ABCs of Empowerment for Healthcare Providers When Mindfulness Is Not Enough
We have to mind our ABCs. I have found, in practicing medicine for over forty Minnesota winters at the Mayo Clinic, some tips to go the distance.
A stands for athleticism. If we are not “dead fit,” to use a race track term, we will certainly not practice medicine for forty-five years as had been the case in the past. Marcus Welby, MD, will be transported to the ER with a myocardial infarction at a young age. At an absolute minimum this means seven hours of restorative sleep per night. If we are up for seventeen grueling hours, we are functioning at the legal level of intoxication, and we do not know it.
We spend more time purchasing a car than investing in ourselves. A personal trainer, a strength and conditioning coach is part of the team of most athletes, and we should not ignore the impact of these professionals. It’s obviously a no-brainer to follow a plant-based diet and have 150 hours of aerobic activity each week. This is hardly new news, so let’s move on.
B stands for boundaries. Once upon a time we worked for the firm, the foundation, corporation. We came home, the drawbridge went up over the moat, and we were safe inside our castles. Today, with the current carnivorous digital dragon, there is no place to hide. Directly or indirectly we are on the grid 24/7. We ruminate about clinical decisions, and this absolutely erodes the soul.
We conscientious clinicians, at some point, need to turn off the gimmicks and the gadgets or we will have nothing left.
Let me share an example. Few months ago I was planning to leave for a family reunion on a Saturday. Tickets, reservations, pet sitters were all arranged. On Thursday before the departure I consulted on a patient who had progressed on a standard lung cancer treatment. We had a frank discussion with the patient and family and everyone was on board to go ahead with another biopsy to analyze for particular mutations, which, if present, would have required another lung operation with the usual risks.
I agonized over this decision, and it weighed on my mind. While away I continuously accessed the health record to see how everything went. Fortunately, the patient did fine. But the laboratory detected some obscure mutations, and I spent about another ninety minutes analyzing the literature about the next treatment decisions. And I contacted several other colleagues for their guidance.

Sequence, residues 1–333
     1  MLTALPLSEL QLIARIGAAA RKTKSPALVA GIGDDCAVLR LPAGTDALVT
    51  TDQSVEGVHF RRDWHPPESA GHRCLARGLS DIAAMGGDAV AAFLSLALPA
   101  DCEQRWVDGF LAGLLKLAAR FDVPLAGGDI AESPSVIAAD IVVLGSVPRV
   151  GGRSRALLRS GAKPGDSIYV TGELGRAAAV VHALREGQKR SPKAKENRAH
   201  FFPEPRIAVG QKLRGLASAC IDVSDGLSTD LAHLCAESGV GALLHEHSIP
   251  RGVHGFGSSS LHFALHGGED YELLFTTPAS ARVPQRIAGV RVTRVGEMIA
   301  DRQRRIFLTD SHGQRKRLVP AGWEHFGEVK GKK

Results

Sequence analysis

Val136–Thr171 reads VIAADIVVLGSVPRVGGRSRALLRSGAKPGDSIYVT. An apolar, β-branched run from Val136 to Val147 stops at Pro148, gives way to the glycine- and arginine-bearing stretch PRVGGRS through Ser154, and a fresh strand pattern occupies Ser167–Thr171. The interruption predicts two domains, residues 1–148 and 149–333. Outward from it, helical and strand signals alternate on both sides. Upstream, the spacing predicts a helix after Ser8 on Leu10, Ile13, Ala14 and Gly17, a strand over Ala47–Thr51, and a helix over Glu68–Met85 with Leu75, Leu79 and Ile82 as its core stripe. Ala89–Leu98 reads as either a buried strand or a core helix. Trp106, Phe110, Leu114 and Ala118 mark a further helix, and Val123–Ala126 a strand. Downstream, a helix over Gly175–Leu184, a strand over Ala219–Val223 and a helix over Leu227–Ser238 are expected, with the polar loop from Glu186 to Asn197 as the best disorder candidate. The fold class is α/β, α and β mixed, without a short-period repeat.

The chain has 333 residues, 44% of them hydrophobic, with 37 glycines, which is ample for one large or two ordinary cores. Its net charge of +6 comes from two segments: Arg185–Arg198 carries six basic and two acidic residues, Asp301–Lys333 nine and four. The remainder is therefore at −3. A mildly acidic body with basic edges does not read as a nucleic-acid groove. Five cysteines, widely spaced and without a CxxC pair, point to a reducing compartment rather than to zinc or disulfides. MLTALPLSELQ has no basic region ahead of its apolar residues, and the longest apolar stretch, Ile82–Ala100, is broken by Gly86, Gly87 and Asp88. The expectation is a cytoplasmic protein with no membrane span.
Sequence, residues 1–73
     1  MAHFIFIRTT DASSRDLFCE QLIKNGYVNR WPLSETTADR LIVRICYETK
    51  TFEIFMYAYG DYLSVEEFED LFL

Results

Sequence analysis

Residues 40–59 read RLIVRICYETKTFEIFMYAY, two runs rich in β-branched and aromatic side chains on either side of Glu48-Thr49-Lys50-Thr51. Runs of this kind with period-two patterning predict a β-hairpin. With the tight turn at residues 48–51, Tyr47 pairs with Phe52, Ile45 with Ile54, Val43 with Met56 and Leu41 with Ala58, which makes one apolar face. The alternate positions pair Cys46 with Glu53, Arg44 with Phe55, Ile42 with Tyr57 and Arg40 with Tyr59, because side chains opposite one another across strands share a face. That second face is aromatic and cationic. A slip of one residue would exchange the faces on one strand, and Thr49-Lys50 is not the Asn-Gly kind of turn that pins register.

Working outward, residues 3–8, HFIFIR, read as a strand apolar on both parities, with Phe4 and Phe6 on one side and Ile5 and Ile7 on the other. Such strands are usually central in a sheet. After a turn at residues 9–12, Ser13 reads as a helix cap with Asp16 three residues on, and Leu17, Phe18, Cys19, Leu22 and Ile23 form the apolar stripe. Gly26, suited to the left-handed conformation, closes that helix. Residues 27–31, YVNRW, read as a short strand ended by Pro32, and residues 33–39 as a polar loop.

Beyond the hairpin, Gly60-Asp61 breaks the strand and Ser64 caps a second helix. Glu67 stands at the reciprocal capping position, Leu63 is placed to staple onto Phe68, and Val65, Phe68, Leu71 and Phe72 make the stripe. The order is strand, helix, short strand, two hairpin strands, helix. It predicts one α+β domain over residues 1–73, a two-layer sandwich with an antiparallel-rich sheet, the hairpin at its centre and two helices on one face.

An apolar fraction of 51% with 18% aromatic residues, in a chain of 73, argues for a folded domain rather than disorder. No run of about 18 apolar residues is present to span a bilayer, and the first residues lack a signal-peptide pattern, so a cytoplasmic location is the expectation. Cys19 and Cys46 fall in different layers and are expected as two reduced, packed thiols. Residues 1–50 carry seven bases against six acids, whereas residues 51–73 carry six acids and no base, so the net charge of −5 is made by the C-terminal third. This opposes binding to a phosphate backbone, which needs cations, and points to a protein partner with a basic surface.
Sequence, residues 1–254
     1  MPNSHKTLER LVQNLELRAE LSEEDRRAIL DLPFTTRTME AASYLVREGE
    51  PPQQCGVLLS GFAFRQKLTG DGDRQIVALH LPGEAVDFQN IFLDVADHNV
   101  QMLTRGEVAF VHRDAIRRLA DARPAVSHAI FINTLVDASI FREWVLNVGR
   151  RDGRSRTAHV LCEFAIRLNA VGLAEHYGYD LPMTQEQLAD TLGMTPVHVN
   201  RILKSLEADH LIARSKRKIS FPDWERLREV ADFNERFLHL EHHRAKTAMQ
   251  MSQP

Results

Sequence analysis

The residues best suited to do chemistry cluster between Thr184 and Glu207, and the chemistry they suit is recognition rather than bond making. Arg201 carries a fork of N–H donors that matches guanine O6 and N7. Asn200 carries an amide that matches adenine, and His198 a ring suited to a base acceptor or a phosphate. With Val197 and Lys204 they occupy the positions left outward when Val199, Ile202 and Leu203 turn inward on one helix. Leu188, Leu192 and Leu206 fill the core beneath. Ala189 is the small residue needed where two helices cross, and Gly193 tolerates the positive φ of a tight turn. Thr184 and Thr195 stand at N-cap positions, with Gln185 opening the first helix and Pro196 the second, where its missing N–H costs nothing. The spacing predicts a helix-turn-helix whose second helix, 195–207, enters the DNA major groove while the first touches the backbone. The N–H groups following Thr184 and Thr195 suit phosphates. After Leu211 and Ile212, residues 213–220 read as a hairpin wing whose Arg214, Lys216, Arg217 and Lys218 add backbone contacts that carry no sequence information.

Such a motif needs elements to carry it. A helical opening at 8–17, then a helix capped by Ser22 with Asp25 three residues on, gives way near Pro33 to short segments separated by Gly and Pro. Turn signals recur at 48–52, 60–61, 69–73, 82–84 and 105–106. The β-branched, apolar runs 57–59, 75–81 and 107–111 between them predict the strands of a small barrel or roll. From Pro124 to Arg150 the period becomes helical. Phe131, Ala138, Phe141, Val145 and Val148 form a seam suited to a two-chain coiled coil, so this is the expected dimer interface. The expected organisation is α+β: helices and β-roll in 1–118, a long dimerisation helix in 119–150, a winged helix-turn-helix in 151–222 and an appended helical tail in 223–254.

Looking back, I should have explained to the patient and the family that I would not be available, that one of my colleagues would be available during my absence, but we may not have all the information to make a decision. Upon my return, we could revisit when we had all the information. My “time away” was clearly not “time away.”
Dr. Tait Shanafelt had been the Chief Wellness Officer at the Mayo Clinic and now holds that esteemed position at Stanford. He has been a close friend and had been our neighbor. He offers some sage advice on this issue: What are the nonnegotiable events that we will not compromise for a corporate medical environment? How many birthday parties, soccer matches, piano recitals, and family picnics will we compromise for a work-related situation? Each of us has a certain threshold. Set yours.
For me, a nonnegotiable is a daily workout routine, typically in the morning and lasting ninety minutes. I have deliberately declined early morning meetings, and perhaps this closed some professional opportunities but it’s a decision I made. Most meetings are informational and of little substance. Therefore, I am highly selective about attending some of these mind-numbing events. Likewise, a family illness or illness with my family needs attention and likewise should not be dismissed.
C stands for concentration. We live in the land of distractions. The land of intermittent partial inattention. In one publication, knowledge workers access their emails about 150 times a day. It may require approximately 60 seconds to reboot, to refocus which means 150 minutes are consumed each day. And most emails are a demand, complaint, or an expectation.
Some top executives have learned to access email only two or three times a day but never first thing in the morning because then we become consumed with someone else’s drama. Now, let’s be realistic. This may not always be feasible, but it is reasonable to open a tablet or screen and quickly scroll to identify a mission-critical email and address it. The rest of the stuff can wait. On a weekend we typically batch our chores. If we do not batch our emails, we will drown in a sea of electrons.
Edward T. Creagan, MD, FAAHPM, a cancer specialist, is the first Mayo Clinic doctor board certified in hospice and palliative medicine. His new book, Farewell: Vital End-of-Life Questions and Candid Answers, is about navigating those precious last days, at the bedside, and saying farewell with hope, love, and compassion.